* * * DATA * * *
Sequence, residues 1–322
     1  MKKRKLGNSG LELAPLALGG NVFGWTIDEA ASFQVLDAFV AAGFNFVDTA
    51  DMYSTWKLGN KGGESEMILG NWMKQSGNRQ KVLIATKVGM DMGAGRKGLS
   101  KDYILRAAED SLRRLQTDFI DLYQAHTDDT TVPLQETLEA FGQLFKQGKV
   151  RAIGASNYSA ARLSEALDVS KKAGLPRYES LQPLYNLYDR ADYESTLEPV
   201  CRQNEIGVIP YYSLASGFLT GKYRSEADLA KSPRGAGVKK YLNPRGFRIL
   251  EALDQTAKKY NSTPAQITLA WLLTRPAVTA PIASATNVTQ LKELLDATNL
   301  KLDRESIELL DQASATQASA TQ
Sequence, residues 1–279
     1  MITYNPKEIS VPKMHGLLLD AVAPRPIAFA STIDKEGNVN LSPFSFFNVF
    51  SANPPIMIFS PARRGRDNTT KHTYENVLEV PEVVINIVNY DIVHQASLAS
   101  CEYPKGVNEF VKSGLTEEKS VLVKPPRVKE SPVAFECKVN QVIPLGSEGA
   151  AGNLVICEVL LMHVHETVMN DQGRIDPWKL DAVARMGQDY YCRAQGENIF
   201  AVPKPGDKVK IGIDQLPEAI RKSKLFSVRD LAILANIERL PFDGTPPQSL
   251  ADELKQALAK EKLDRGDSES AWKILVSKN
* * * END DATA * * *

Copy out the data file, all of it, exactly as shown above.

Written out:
Sequence, residues 1–322
     1  MKKRKLGNSG LELAPLALGG NVFGWTIDEA ASFQVLDAFV AAGFNFVDTA
    51  DMYSTWKLGN KGGESEMILG NWMKQSGNRQ KVLIATKVGM DMGAGRKGLS
   101  KDYILRAAED SLRRLQTDFI DLYQAHTDDT TVPLQETLEA FGQLFKQGKV
   151  RAIGASNYSA ARLSEALDVS KKAGLPRYES LQPLYNLYDR ADYESTLEPV
   201  CRQNEIGVIP YYSLASGFLT GKYRSEADLA KSPRGAGVKK YLNPRGFRIL
   251  EALDQTAKKY NSTPAQITLA WLLTRPAVTA PIASATNVTQ LKELLDATNL
   301  KLDRESIELL DQASATQASA TQ
Sequence, residues 1–279
     1  MITYNPKEIS VPKMHGLLLD AVAPRPIAFA STIDKEGNVN LSPFSFFNVF
    51  SANPPIMIFS PARRGRDNTT KHTYENVLEV PEVVINIVNY DIVHQASLAS
   101  CEYPKGVNEF VKSGLTEEKS VLVKPPRVKE SPVAFECKVN QVIPLGSEGA
   151  AGNLVICEVL LMHVHETVMN DQGRIDPWKL DAVARMGQDY YCRAQGENIF
   201  AVPKPGDKVK IGIDQLPEAI RKSKLFSVRD LAILANIERL PFDGTPPQSL
   251  ADELKQALAK EKLDRGDSES AWKILVSKN